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March 12, 2013

MC@Work: Confessions of a Hit Woman

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dana walden

Photo Credit: Christopher Sturman

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You share the title of chairman of Twentieth Century Fox Television with Gary Newman. What's that relationship like?
Gary and I are very different deal makers: I typically respond from my gut; he responds from a more analytical point of view. Our bosses felt our skill sets were very complementary, so they gave us oversight of the studio, which turned into an enormously successful partnership. After 14 years, it's seamless. We've been together longer than many couples!

What have you learned from calling the shots?
You have to make a lot of decisions. Not all of them are going to be perfect. What differentiates leaders is the ability to recover following a mistake. I make mistakes all the time, but I cop to them, apologize, and move on. Contrition is powerful.

Any big regrets?
Letting director David Nutter [The Sopranos, Entourage, Game of Thrones] leave this studio. Warner Brothers made a huge deal with him, and he's been there ever since. I was too bogged down in the particulars of his deal and didn't trust my gut. It taught me a great lesson: When you feel strongly about someone creatively, you have to just go for it.

You're married to former Arista Records executive Matt Walden and have two daughters. How do you negotiate such a demanding career with your personal life?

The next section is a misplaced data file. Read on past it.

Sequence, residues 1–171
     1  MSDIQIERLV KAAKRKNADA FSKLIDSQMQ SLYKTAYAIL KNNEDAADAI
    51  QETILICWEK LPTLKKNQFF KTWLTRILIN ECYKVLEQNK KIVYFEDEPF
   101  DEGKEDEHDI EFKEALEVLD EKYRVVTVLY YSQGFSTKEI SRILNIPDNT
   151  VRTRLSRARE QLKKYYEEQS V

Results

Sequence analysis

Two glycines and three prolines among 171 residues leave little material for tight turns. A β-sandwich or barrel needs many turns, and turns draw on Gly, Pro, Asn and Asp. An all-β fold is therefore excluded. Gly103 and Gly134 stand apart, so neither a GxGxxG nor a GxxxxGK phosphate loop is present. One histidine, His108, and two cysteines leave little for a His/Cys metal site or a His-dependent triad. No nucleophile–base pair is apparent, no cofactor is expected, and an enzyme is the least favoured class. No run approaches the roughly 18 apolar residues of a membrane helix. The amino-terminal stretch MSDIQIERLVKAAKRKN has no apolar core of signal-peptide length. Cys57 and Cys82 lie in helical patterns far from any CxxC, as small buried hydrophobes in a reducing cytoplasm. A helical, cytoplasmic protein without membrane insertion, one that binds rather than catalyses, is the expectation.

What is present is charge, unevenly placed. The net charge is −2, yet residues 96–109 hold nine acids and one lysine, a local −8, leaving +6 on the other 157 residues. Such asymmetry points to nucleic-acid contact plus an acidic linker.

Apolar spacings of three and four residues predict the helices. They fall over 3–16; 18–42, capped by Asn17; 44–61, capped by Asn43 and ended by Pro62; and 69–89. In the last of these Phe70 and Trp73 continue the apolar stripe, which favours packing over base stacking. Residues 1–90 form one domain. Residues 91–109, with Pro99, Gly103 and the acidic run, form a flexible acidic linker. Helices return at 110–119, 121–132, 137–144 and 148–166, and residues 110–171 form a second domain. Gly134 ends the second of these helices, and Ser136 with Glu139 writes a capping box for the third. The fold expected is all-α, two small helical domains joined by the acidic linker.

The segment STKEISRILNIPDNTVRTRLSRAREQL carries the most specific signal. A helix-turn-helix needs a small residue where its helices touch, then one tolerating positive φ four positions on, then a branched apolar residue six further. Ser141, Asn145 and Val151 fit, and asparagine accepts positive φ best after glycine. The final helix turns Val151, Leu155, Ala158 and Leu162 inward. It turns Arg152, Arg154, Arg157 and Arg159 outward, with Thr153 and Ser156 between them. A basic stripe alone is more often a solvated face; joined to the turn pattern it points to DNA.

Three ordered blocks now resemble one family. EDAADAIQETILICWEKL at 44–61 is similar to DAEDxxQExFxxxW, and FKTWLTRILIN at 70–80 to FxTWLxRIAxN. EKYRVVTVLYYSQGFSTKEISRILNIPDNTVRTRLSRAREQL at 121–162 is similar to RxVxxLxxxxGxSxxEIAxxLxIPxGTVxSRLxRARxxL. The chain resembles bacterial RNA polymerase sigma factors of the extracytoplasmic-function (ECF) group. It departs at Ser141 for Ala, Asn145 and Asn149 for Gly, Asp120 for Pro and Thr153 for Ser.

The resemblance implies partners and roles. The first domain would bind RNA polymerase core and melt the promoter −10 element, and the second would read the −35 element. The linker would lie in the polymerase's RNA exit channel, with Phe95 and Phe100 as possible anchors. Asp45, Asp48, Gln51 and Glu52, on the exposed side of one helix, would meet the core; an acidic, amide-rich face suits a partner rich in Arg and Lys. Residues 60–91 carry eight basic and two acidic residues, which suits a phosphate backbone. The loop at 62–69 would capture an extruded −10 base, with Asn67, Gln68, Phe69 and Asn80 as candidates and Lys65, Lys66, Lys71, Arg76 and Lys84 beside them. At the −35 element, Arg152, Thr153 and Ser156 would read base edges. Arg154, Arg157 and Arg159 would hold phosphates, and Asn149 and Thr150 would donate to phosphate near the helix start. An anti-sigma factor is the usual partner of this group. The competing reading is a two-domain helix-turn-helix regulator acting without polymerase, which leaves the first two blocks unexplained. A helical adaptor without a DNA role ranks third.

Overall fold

It is the most stressful part of my life. My husband definitely gets the short end of the stick, because [when I come home] it's hard to switch off energy that is stereotypically male and aggressive. I have to remind myself that my husband proposed to a person who was in a very different position than the one I am in now. At a certain point, he deserves a wife — and not the chairman of a studio.

Television is said to be where the creative action in Hollywood is today. Why is that?
Television is a writer's medium. No one is taking your project away to be rewritten by five other people; it's all about the vision of the creator. And the shows are timeless — they're going to be around for a very long time. Future generations will be watching The X-Files, M.A.S.H., and The Simpsons. For filmmakers, crafting characters who have such an incredible relationship with the audience has really made television an appealing place to be.


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